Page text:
Over 14 years after 1,000 people died in an Egyptian ferry disaster, the EU’s top court has decided that two Italian companies can be sued for damages by survivors and relatives of the victims.
The EU's top court Thursday allowed the potential for more damages to be granted to survivors and relatives of victims in the case of the 2006 Red Sea ferry disaster. Over 1,000 people died 14 years ago in the disaster off the coast of Egypt.
The European Court of Justice ruled that courts in Italy have jurisdiction to hear cases for damages. Survivors and relatives of the disaster tried to sue two organizations in Italy, blaming them for the classification and certification of the ship that led to the disaster.
"These organizations could rely on immunity from jurisdiction only in so far as their activities constituted an expression of the public powers of the Panamanian state," the court said in a press release. The ferry sailed under the flag of Panama.
An Italian court asked the EU's highest court in Luxembourg to determine whether EU law allowed the Italian judicial system to deal with the issue. In January, the advocate general said he believed that the two organizations should be allowed to be sued in Italy.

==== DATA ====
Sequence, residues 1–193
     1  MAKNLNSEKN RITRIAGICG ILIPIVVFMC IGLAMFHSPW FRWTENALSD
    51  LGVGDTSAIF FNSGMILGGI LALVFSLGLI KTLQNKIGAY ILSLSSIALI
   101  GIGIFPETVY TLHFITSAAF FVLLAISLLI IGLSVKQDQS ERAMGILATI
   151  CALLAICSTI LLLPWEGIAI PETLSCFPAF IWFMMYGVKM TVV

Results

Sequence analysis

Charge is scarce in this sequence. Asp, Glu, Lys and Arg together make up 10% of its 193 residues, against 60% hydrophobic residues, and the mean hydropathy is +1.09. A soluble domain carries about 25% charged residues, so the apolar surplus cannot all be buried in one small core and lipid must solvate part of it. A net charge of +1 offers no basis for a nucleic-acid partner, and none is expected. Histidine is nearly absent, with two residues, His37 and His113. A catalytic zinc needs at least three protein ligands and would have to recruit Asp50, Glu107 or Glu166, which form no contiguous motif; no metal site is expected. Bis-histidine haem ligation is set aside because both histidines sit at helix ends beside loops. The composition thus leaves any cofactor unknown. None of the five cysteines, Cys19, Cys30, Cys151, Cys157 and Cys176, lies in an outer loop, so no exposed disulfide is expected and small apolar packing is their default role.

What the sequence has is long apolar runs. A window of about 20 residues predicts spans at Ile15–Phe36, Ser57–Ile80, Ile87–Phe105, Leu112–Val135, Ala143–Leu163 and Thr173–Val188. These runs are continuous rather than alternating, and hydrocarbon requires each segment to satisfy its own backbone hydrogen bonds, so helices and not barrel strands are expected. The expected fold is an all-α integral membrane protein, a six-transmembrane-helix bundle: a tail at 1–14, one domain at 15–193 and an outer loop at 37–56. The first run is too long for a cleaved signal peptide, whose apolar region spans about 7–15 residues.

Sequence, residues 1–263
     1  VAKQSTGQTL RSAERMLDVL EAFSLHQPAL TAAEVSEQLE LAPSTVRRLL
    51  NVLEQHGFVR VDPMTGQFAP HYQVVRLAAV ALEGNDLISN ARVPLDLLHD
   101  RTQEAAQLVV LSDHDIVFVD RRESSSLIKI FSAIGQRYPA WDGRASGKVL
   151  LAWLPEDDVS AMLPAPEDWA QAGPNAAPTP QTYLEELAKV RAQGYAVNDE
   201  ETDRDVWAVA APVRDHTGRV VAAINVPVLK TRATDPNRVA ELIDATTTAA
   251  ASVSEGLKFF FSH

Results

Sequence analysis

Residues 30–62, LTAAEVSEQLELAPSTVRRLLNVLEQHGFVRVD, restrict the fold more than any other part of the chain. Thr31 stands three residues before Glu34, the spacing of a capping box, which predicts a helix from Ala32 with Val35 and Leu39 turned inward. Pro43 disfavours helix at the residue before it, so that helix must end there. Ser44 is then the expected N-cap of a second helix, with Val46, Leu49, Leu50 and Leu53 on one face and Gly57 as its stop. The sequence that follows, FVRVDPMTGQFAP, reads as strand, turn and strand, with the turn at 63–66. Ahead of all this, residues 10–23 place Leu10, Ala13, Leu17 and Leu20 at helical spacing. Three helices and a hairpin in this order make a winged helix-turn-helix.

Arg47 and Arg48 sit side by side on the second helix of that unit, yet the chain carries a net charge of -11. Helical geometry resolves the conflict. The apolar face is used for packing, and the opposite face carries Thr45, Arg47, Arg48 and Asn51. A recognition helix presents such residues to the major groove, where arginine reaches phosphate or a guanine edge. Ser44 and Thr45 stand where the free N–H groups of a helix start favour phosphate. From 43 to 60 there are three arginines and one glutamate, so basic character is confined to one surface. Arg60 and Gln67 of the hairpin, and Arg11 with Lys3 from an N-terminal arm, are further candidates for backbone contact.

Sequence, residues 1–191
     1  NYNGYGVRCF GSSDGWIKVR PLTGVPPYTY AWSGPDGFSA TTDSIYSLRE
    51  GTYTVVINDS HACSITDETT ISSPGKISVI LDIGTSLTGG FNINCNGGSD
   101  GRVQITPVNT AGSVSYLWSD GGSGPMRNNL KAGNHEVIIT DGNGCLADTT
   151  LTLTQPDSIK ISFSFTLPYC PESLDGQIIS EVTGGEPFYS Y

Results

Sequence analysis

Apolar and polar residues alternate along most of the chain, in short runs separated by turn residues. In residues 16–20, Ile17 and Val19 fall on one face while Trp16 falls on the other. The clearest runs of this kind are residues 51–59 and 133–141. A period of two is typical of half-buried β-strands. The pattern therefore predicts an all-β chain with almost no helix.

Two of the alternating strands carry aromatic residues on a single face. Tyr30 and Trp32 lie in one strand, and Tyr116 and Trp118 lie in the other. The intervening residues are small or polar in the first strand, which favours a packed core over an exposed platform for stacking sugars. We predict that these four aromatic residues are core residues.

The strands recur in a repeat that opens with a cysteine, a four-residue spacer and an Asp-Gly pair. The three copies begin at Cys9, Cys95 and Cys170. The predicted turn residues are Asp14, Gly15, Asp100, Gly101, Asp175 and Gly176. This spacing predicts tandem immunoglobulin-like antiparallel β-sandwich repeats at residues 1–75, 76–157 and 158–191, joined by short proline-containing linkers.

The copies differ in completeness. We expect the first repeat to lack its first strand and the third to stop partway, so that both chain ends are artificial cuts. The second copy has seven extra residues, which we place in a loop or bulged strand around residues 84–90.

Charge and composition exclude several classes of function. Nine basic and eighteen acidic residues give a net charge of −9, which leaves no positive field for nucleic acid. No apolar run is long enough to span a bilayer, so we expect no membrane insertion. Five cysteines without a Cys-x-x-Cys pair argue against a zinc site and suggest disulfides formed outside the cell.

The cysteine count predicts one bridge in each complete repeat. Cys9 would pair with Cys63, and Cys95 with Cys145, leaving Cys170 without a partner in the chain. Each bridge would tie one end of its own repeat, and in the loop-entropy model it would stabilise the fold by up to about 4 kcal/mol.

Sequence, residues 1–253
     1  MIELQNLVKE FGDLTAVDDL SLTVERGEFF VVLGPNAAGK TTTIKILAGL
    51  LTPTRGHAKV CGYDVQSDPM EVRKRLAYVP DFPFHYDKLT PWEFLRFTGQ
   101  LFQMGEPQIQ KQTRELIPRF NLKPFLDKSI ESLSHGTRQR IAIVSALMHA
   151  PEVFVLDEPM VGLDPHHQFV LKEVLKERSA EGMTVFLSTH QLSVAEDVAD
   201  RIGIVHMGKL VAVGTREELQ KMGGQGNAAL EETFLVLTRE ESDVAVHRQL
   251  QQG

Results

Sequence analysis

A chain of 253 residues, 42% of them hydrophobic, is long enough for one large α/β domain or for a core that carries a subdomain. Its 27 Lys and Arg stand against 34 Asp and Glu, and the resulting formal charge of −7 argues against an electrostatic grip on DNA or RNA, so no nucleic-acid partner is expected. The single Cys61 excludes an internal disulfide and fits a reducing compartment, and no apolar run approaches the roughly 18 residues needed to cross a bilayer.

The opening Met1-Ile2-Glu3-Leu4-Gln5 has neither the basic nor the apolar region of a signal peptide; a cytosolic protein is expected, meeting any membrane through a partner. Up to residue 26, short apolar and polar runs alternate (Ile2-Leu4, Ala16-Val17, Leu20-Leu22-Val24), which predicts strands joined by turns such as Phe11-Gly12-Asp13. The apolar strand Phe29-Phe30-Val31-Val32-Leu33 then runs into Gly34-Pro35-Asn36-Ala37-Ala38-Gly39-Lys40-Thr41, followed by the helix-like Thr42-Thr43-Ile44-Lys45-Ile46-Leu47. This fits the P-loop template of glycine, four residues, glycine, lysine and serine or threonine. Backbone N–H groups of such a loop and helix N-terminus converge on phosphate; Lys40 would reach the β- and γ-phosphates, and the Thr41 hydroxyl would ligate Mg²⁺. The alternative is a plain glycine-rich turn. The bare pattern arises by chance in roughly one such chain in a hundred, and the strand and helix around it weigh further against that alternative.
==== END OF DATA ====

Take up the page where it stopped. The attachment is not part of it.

What happened in the disaster?
The Egyptian ferry, the MS Salam Boccaccia '98, was en route from Duba, Saudi Arabia to Safaga in southern Egypt in February 2006, carrying around 1,400 passengers and crew.
Many of those aboard were Muslims returning from the Hajj pilgrimage to Mecca in Saudi Arabia.
The ship's owners were jailed in 2009, after evidence emerged that they had ordered the boat to continue on its journey despite there having been a fire on board. When the boat gained water and began to sink, less than 400 crew members and passengers were rescued.
Design faults were ruled to have been a factor in the sinking, which led to the claims being made in the Italian legal system.
ed/rt (AFP, dpa)